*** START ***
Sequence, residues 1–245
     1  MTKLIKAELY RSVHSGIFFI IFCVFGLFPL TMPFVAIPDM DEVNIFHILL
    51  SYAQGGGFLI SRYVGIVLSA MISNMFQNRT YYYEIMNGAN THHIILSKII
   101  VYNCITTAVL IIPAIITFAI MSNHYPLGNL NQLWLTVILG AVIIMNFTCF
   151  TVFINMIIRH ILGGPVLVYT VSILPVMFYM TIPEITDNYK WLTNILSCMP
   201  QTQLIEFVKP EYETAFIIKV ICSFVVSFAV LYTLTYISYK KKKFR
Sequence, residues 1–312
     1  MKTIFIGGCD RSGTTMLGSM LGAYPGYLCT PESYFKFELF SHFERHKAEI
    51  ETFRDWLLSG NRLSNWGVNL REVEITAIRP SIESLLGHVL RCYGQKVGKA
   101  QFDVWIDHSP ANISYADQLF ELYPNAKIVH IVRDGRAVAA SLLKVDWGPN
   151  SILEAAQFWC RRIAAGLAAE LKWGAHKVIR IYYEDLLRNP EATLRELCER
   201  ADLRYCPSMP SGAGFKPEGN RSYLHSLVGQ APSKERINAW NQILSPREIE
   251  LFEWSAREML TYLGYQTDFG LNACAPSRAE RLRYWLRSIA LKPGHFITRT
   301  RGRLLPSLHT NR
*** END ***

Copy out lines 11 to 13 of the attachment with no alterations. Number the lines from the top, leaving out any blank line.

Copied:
   151  SILEAAQFWC RRIAAGLAAE LKWGAHKVIR IYYEDLLRNP EATLRELCER
   201  ADLRYCPSMP SGAGFKPEGN RSYLHSLVGQ APSKERINAW NQILSPREIE
   251  LFEWSAREML TYLGYQTDFG LNACAPSRAE RLRYWLRSIA LKPGHFITRT